Sunday, April 12, 2009

Effect Size

Effect size (ES) is a name given to a family of indices that measure the magnitude of a treatment effect. Unlike significance tests, these indices are independent of sample size. Effect size has been frequently linked to the power analysis (or sample size calculation) and Meta analysis.

The concept of effect size seems to come from Cohen's book "Statistical Power Analysis for the Behavioral Sciences". Effect size is not just for the continuous variable, it could also be for rates and proportions, and other type of data.

The following weblinks provide good summaries on effect size:

Recently, I came across a paper that described the use of effect size as Benchmarks for Interpreting Change - one of many ways to determine the sensitivity of the measurement and subsequently the minimal clinically important difference (MCID) or minimal important difference (MID).

In a paper by Kazis LE, Anderson JJ, Meenan RF (Effect sizes for interpreting changes in health status. Med Care 1989;27:S178-S189), they described the following:

"Effect size as used in this study is calcu-lated by taking the difference between the means before treatment and after treatment and dividing it by the standard deviation of the same measure before treatment. This method of calculating effect sizes can be expressed mathematically as ES = (mi - m2)/sl, where m, is the pretreatment mean, m2 the posttreatment mean, and s, the pretreatment standard deviation. In this instance the before-treatment scores are used as a proxy for control group scores. This approach treats the effect size as a standard measure of change in a "before and after study" context. We are interested in the magnitude or size of the change rather than statistical significance, so we use the standard deviation at baseline rather than the standard deviation of the differ-ence between the means.8 Effect sizes can be used to translate changes in health status into a standard unit of measurement that will provide a clearer interpretation of the results. This can be ac-complished by using effect sizes as bench-marks for measuring changes or as a means for taking comparisons between measures in the same study or across studies. "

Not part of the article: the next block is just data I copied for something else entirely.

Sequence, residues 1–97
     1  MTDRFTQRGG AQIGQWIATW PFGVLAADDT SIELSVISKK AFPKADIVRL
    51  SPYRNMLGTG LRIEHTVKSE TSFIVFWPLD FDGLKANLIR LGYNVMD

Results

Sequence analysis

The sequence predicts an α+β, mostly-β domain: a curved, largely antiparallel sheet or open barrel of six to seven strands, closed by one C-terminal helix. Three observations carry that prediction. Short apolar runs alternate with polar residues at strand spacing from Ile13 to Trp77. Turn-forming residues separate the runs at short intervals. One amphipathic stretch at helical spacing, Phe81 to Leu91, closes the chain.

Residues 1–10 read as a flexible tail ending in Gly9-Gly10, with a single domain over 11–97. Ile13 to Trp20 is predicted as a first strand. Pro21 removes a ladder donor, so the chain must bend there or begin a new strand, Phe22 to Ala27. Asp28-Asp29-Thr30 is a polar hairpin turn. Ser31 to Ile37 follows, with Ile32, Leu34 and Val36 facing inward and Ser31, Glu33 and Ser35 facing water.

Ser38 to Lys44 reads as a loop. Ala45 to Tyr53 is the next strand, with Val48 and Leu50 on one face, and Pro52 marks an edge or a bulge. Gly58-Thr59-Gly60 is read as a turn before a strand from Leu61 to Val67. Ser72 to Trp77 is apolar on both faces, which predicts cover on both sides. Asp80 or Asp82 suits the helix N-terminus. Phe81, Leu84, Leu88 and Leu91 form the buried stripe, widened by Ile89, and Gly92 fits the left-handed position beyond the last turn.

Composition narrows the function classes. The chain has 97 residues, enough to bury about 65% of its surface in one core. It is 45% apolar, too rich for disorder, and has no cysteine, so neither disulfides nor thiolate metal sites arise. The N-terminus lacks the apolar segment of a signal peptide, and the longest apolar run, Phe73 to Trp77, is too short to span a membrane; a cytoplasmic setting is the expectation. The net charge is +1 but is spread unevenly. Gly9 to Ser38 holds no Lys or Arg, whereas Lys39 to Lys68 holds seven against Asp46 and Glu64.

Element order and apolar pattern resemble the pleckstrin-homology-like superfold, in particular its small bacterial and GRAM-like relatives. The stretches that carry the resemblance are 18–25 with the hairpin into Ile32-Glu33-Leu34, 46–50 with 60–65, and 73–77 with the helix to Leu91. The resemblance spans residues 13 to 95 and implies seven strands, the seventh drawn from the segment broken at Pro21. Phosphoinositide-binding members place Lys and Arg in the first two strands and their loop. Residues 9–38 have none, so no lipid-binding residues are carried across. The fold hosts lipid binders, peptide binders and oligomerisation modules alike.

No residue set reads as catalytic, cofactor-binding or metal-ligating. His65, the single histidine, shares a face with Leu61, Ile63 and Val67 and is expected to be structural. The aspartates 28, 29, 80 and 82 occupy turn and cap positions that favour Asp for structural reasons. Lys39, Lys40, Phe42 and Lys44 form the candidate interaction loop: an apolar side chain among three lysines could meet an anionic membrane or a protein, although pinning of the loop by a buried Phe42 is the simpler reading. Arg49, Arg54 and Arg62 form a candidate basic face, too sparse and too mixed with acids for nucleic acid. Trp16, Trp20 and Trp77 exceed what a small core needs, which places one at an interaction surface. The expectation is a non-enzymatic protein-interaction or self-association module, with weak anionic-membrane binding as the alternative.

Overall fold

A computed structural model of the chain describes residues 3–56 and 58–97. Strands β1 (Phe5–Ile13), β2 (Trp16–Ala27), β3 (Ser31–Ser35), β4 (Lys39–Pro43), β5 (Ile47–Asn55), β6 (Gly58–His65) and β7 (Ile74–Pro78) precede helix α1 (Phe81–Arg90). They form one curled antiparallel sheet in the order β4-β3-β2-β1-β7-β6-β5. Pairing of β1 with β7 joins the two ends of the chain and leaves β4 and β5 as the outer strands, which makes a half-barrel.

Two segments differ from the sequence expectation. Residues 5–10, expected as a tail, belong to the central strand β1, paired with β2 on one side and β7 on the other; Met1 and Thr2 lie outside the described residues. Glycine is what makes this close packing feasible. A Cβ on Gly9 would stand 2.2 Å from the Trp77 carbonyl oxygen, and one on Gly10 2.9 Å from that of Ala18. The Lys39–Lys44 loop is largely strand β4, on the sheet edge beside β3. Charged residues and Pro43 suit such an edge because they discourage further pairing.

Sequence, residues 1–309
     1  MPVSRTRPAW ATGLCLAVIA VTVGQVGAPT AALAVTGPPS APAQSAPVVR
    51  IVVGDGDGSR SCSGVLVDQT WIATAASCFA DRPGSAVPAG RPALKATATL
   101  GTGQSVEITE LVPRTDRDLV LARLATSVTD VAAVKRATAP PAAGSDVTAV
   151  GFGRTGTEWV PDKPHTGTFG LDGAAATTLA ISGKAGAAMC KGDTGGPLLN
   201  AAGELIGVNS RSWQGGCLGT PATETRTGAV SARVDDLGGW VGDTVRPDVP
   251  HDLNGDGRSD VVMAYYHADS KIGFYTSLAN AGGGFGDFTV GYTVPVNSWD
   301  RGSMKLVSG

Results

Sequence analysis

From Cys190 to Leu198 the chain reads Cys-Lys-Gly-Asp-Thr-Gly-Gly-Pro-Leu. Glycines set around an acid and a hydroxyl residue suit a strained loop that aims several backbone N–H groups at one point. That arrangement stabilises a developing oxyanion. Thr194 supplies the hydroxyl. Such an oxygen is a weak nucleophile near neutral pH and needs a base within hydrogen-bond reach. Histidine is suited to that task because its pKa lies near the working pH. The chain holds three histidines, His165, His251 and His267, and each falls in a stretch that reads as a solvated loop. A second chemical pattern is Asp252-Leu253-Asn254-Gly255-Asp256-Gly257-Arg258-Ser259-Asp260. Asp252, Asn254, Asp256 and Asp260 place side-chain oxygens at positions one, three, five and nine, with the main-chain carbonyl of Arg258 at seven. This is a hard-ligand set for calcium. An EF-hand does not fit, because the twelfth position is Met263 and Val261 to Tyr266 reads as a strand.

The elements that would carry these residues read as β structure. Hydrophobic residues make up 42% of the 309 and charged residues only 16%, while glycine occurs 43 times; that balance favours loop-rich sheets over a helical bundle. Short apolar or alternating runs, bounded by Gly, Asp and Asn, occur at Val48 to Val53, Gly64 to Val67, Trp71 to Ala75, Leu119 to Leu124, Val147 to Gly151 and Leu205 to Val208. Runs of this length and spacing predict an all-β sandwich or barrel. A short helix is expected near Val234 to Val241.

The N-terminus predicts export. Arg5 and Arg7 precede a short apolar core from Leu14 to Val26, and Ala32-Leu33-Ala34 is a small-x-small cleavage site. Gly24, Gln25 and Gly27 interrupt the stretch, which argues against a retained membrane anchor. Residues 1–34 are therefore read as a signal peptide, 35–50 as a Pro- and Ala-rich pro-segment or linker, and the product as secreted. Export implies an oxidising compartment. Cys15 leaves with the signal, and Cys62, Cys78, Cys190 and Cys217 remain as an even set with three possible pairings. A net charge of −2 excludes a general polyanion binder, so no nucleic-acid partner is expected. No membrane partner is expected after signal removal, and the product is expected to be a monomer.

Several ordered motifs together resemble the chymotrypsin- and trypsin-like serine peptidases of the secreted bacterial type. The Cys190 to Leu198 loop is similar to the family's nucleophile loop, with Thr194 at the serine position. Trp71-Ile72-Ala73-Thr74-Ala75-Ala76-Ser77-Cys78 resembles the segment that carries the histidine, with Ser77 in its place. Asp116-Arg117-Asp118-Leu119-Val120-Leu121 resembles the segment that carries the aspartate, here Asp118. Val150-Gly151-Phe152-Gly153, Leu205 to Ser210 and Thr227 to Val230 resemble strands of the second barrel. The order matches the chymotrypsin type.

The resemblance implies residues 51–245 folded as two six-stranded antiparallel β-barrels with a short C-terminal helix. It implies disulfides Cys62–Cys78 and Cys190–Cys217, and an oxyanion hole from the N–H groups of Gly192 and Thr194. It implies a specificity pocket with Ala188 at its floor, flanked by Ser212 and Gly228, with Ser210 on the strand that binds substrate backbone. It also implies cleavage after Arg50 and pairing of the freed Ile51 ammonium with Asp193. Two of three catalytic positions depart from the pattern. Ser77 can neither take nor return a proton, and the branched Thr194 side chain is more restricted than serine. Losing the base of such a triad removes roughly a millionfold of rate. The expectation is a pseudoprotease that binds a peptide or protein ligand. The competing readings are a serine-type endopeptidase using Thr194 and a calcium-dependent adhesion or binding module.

Here the effect size is not to compare the two treatmetn groups, rather compare the differences pre and post. The formula for effect size can be explicitly rewritten to represent the mean change from pre treatment to the post treatment divided by the standard deviation of the baseline measures (effect size = (mui - mu0/SDmu0; mui = mean value of the post-baseline measure; mu0 = mean value at baseline).

If we calculate the effect size for both treatment group and placebo group, we should expect a very small effect size for Placebo group and a rather large effect size for treatment group - an indicator of a good measurement.

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